The first heart pacemaker was invented by a Canadian scientist John Hoops in the year 1950. Hoops completed his training as an electrical engineer from the University of Manitoba when he was just 21 and started working with the national research council in 1941. In 1949 Hoops started his research on hypothermia where he worked with radio frequencies to increase the temperature of the body and understood that cooling stopped the working of heart and it could be restarted by artificial stimulation. This discovery led to the invention in 1950 of that of a pacemaker. The first pacemaker was too big to fit in human body internally. It was first tested in 1949 at the University of Toronto’s Department of Surgery on a dog. The earliest form of catheter electrodes used vacuum tubes that were later replaced by transistors. The first implant of pacemaker in human was done in 1958.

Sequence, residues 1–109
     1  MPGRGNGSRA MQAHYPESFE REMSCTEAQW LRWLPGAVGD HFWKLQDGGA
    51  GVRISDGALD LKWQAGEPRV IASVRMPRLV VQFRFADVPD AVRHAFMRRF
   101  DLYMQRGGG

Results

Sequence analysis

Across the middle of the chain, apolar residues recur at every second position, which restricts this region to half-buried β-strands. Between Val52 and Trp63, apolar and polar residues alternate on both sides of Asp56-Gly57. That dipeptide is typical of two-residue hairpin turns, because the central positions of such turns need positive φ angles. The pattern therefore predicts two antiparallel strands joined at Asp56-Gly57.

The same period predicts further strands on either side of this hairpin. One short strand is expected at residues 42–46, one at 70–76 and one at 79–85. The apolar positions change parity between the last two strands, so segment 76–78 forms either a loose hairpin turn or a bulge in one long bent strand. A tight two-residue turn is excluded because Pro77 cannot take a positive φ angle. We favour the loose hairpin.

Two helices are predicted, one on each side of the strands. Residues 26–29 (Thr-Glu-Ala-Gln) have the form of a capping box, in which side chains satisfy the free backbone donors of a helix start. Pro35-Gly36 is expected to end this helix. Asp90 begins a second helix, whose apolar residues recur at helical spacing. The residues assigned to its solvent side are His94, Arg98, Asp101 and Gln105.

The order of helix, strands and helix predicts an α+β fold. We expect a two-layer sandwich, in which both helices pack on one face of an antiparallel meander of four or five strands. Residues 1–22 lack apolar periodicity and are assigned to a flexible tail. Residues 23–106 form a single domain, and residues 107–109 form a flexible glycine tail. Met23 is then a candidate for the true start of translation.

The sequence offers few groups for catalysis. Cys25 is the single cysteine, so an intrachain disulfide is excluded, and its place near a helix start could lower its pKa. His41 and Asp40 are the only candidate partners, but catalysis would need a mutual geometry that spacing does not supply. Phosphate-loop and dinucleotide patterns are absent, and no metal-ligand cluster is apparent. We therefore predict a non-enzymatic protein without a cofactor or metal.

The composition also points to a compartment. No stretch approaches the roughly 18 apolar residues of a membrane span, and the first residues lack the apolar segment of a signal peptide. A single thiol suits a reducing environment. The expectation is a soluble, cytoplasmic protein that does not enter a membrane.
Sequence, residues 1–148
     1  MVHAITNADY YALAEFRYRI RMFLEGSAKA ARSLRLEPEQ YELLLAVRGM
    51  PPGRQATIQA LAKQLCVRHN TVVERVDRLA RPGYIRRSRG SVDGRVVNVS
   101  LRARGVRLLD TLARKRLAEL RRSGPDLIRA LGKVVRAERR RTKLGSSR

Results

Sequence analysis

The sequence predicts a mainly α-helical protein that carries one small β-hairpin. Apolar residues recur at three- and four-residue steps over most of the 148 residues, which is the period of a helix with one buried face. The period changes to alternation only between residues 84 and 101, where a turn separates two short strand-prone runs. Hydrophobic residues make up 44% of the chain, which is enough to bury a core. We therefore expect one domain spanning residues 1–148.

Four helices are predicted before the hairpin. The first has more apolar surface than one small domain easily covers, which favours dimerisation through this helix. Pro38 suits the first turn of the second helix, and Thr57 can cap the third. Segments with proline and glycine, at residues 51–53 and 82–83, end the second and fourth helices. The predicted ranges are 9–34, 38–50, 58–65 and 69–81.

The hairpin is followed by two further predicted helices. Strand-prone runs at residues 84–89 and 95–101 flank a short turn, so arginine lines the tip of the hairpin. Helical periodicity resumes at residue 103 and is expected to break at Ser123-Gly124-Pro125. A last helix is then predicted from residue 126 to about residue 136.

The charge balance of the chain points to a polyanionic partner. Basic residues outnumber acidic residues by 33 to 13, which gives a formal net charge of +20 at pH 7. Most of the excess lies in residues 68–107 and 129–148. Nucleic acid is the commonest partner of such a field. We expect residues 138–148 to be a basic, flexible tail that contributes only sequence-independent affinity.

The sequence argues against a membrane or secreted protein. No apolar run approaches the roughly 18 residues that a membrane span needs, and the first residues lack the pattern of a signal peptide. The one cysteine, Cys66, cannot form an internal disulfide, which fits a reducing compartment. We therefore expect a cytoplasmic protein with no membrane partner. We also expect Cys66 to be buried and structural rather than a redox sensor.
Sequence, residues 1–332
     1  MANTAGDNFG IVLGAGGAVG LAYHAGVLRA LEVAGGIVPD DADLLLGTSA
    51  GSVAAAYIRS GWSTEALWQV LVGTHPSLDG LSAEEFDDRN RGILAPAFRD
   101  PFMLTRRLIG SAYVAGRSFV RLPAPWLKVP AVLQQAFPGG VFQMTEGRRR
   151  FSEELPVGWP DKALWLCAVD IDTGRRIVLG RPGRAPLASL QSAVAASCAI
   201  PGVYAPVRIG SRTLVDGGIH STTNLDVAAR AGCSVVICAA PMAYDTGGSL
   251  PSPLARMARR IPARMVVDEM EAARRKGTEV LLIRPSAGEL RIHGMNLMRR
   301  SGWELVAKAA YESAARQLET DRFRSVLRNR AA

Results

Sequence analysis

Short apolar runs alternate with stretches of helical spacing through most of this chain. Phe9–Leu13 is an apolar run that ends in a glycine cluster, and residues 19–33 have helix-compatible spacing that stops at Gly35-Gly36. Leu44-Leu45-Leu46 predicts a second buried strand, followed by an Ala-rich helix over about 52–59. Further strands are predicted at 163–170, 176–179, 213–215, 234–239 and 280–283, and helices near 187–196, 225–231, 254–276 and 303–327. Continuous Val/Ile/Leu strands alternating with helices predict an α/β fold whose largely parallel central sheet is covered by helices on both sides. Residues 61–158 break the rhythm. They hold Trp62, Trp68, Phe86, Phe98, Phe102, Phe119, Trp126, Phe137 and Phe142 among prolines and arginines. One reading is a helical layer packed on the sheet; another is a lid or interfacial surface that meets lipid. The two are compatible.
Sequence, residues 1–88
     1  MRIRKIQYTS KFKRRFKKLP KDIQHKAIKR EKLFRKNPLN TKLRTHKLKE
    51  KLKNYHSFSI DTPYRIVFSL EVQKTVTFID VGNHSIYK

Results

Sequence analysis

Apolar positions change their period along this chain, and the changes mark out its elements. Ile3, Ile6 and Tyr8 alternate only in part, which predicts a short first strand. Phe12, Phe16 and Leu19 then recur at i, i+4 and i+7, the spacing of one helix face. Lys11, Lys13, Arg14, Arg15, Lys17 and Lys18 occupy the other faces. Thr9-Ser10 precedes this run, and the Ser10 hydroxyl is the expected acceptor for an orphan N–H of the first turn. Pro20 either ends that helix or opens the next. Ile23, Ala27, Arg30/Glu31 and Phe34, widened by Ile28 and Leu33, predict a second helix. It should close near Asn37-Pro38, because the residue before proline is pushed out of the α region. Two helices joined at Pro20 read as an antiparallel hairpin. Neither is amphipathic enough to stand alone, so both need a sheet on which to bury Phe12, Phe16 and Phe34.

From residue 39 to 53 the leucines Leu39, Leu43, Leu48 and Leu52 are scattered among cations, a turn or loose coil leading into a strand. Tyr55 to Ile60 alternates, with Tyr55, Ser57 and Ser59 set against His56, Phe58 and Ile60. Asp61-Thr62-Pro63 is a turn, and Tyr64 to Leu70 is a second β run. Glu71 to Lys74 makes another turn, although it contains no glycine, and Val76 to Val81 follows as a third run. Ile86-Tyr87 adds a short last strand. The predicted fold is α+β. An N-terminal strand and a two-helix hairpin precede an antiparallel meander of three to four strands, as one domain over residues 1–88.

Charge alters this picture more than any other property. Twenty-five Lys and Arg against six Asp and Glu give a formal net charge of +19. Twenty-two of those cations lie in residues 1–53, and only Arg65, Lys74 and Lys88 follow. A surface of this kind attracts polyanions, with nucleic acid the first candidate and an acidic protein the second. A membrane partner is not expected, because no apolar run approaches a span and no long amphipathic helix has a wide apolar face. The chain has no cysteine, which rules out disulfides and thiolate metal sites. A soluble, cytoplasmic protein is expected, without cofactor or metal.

Hoops himself became a heart patient and in 1984 he had pacemaker implanted so as to keep his heart regulated but by then it was considered a normal surgery. He got his pacemaker replaced after thirteen years of his first surgery.
Though he retired from his work in 1979 but he continued serving the school children and his writings on biomedical engineering. Hoops also served as the President of Ontario Heart Foundation. He also wrote a book “Passing Pulses, The Pacemaker and Medical Engineering: A Canadian Story”. The father of biomedical engineering died on November 24, 1998.